The articles to be exhibited by Mr. Over a twenty year period, Eades attempted to sustain a business as an independent ivory and wood turner in London; yet, engaging in three separate ventures, each initiative resulted in bankruptcy , , Ironically, nutmeg graters remain absent from listings of his very expansive product line. At age 48, establishing a more successful business, Eades became an "Automatic Machine" trader. Automatic machines were specialty wood lathes, that when set up, would automatically and repeatedly operate to produce a specific turning or decorative trim.

Given his prior work, Eades was well suited to this endeavor. In the 's, Richard Eyres Eades had developed his secondary career, becoming a skilled and accomplished photographer. In at age 68, he died in Edmonton, England, a London suburb. Although there is no known advertisement or written account specifically listing coquilla nut nutmeg graters, many modern collectors possess them in a variety of forms.

Based upon inspection of innumerable antique coquilla nut nutmeg graters, one concludes that these nutmeg graters were all produced by one specific, but as yet, unidentified maker. Notice that their basic design, styling, composition of materials, workmanship, and production quality are uniformly replicated across each example. No documentation pertaining to coquilla nut nutmeg graters is known to exist from any woodworker's shop advertisement, printed product label, manufacturer catalog listing, buyer's receipt or any other written source which might lead to the identification of their manufacturer.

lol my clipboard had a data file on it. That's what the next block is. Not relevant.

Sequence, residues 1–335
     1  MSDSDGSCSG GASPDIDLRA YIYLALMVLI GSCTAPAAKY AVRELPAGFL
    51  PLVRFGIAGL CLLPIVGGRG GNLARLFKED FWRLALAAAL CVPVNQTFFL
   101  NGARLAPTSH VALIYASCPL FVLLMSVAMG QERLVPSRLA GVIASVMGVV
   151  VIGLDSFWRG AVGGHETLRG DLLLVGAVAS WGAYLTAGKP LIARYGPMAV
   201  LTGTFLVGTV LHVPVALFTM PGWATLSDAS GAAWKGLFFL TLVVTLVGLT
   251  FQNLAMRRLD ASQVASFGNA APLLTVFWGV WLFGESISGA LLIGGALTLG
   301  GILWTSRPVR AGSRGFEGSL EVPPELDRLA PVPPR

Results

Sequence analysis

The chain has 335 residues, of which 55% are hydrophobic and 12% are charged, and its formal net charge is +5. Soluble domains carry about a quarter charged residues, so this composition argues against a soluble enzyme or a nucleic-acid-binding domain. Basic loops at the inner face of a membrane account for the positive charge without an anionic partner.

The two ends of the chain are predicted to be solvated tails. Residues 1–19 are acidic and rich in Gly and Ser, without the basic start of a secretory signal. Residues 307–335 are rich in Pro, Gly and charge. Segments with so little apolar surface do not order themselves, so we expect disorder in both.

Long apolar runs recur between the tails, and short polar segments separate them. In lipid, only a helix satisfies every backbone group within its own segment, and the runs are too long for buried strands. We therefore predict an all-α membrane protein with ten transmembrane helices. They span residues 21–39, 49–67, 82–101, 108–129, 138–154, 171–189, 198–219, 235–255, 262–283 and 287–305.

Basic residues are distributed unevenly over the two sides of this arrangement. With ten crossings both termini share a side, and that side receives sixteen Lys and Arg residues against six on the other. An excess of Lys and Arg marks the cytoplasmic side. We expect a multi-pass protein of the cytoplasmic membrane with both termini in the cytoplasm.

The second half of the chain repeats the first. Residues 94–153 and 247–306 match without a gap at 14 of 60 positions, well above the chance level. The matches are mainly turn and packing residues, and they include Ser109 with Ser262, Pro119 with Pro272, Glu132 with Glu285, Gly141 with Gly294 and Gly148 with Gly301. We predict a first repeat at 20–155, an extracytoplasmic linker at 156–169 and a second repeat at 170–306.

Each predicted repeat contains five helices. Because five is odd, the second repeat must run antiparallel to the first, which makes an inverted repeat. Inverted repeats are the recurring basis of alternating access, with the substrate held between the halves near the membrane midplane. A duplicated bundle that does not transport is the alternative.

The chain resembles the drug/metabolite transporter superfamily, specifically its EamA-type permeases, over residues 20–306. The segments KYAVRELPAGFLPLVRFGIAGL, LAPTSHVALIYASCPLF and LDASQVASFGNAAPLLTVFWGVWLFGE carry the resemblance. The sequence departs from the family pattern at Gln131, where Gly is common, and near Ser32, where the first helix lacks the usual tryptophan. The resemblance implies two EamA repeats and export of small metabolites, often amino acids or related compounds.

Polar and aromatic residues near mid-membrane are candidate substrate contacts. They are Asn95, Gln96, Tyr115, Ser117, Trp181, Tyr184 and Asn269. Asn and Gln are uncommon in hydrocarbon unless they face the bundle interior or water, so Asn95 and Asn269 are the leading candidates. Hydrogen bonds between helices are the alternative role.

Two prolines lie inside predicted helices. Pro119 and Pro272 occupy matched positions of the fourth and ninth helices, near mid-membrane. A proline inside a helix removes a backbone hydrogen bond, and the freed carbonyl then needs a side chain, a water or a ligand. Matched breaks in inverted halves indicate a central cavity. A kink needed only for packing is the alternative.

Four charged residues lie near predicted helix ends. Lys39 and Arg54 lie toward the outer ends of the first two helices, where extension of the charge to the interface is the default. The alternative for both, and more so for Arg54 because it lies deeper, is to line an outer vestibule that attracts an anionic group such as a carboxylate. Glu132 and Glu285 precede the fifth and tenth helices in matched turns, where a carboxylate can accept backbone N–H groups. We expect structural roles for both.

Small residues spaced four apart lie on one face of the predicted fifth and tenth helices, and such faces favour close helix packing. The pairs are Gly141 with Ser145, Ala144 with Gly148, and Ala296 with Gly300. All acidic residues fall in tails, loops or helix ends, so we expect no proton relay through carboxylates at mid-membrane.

Magnify these numbers of craftsmen throughout Great Britain or over Europe while spanning numerous decades and the identification of the actual maker of coquilla nut nutmeg graters becomes like finding a needle in the haystack. Therefore, discovering the woodworking firm that produced these nutmeg graters seems unlikely. Sometimes the form or style of nutmeg graters provides meaningful clues when attempting to establish a date or period of their manufacturer.

Turners and carvers often created coquilla nutmeg graters in the form of acorns, buckets and pears Fig, G, Fig H, Fig C , which are style revivals from earlier periods. Silver acorn shaped nutmeg graters date to the mid-eighteenth century and small silver bucket-form nutmeg graters were most common to the 's. The nineteenth century coquilla examples are nearly twice in size, and are only reminiscent to their earlier silver counterparts.